Q&A with Rapper MC Paul Barman

| 16 Feb 2015 | 04:50

    The Joy of Your World The thing you need to know about MC Paul Barman is that his lyrics are ill. When his EP comes out, you're going to read white rapper this, Ivy League MC that?listen to the record before you decide. It helps a lot, both musically and in terms of credibility, that Prince Paul produced the five songs, but It's Very Stimulating would be a good EP even he didn't. As it is, the record approaches greatness, challenging the orthodoxy and expanding the boundaries of hiphop. That said, it's pretty much a work of comedy. We met up at the press listening session for Juvenile's Tha G-Code, held in a conference room at the Universal Records office, and talked later. We discussed hiphop at length, citing our favorite albums, songs and lines to support various points. When I turned the tape recorder on, though, he became nervous and reticent. He's kind of queeny. I asked him about this with the tape recorder off, and he said he's regularly mistaken for gay.

    What tradition of rap do you belong to?

    No way. I can't do that. It's not?I don't?I could never reply to that. I would have to rack my brain and then say something that probably wasn't true.

    You don't have to be correct, just be interesting. Entertain the audience.

    In that case, the only answer I could give you would be that I'm of no tradition at all. It's new!

    I don't believe that.

    Okay, I'm in the oral tradition. My great-great-grandparents told me these stories. I'm just putting them on wax.

    Funny you should say that, because I was thinking you're from the opposite, the writerly tradition in rap. I'd put most of the white rappers there, also Slick Rick and Ice T.

    Good company. If you say so. I don't care what tradition I'm in.

    What gives you the right to rap without a place in the tradition?

    I don't have the right. I just did it. Prince Paul doesn't mind, I dunno.

    Do you see your music as continuing along the lines of other Prince Paul productions?De La Soul, Gravediggaz, Handsome Boy Modeling School...

    I think I'm more or less old-school.


    Um?well?Dr. Octagon was cited as a great record by Spin, and the Automator was quoted as saying something like, "Everyone called us futuristic but I thought we were really old-school because we were just trying to be original, honest and funny." I relate.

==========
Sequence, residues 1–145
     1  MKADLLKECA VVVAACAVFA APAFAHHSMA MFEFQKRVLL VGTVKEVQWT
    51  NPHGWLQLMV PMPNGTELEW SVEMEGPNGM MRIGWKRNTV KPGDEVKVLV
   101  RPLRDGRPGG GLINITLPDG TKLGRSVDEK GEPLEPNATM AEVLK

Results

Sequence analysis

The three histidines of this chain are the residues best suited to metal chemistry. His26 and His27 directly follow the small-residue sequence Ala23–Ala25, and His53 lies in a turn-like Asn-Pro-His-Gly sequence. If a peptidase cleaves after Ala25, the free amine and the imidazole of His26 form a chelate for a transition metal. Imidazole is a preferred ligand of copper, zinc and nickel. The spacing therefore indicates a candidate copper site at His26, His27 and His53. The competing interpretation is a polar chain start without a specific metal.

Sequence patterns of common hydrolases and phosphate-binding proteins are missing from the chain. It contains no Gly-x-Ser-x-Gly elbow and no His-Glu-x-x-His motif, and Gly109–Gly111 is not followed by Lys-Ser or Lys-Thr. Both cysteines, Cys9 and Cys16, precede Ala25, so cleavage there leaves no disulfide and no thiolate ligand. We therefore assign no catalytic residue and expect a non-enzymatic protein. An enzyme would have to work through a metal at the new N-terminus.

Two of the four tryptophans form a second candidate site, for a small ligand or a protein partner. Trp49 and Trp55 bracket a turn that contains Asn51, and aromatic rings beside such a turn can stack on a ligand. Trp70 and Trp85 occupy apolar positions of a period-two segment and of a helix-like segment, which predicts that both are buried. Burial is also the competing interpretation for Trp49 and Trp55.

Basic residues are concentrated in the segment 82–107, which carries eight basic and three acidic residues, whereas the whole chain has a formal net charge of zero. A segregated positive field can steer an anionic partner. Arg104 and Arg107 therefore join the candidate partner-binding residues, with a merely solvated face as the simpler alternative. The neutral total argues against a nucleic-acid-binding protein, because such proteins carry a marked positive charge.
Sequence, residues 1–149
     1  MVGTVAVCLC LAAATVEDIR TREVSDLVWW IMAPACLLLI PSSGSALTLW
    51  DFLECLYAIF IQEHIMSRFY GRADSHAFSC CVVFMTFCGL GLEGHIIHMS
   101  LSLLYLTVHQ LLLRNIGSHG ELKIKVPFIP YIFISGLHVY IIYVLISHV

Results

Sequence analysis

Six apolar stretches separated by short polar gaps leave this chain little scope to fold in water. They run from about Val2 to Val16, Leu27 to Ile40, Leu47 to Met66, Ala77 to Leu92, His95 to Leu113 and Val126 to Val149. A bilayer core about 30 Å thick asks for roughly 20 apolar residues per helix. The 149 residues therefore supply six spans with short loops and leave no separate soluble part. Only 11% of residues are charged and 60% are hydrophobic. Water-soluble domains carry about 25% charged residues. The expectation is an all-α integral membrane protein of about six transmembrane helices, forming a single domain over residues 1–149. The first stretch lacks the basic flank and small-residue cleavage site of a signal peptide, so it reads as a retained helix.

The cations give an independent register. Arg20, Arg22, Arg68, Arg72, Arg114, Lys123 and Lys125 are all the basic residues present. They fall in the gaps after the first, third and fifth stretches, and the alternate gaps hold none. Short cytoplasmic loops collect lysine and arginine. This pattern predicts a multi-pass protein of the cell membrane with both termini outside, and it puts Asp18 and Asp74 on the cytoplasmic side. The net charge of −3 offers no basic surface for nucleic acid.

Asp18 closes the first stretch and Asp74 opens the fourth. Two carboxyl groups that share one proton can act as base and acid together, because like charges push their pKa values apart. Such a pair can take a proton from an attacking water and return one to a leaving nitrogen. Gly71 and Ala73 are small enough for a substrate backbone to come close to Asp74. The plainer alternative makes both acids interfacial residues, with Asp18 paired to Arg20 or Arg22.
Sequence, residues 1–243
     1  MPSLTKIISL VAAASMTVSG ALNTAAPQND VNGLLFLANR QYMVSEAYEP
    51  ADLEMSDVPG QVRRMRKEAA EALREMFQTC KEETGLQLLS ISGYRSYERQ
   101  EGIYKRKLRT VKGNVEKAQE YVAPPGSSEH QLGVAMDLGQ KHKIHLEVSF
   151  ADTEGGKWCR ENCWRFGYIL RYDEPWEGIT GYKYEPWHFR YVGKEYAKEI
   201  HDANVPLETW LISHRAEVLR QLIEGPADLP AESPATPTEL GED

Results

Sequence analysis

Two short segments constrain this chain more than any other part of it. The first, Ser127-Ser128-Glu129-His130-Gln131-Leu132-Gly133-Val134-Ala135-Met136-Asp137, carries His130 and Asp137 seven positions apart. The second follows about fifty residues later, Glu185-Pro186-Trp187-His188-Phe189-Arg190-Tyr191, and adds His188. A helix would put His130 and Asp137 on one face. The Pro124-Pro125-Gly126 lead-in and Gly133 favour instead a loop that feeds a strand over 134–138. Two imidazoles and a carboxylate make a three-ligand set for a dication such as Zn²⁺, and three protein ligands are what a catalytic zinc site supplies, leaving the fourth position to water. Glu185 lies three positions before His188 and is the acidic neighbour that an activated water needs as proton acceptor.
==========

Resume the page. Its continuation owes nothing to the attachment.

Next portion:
When Kool Keith or any black man gets up and says he's the dopest, he means it in a way you don't.

    I say I'm the dopest and I really mean it.

    It's a whole other type of communication, what you're doing. [Barman frowns] Now your feelings are hurt. Let the record show that Paul's feelings are hurt.

    No they're not. My feelings aren't hurt. My response is: Big deal, it's not the same.

    Do you concede the point that yours departs from traditional rap?


    It's gonna ruin your second or your third album when all this naivete comes crashing down on you.

    Are you trying to warn me against imminent hating? What can I do about it? I don't think it's necessary to define anything. I'm very curious about the consequences.

    What if it's racist? Maybe you're taking away a record contract from some ghetto kid who deserves it more.


    You went to Brown, you know how the system works.

    I dunno, I didn't really learn anything while I was there.

    Why not?

    Why not? It just wasn't for me.

    Why'd you go?

    Why did I go? My mom asked me that right before I left?I couldn't answer. She was like, "If you hate school so much, why are you going to college?" I was like, "You should have asked me that a couple years ago. I wouldn't even have applied."

    ...I probably took more classes at RISD than any Brown graduate ever. After I took the maximum number of cross-registration classes, I did a year "abroad" there. So I spent almost half my time there. The only classes I liked were studio classes, where you work in class... I liked being around artists and not social scientists.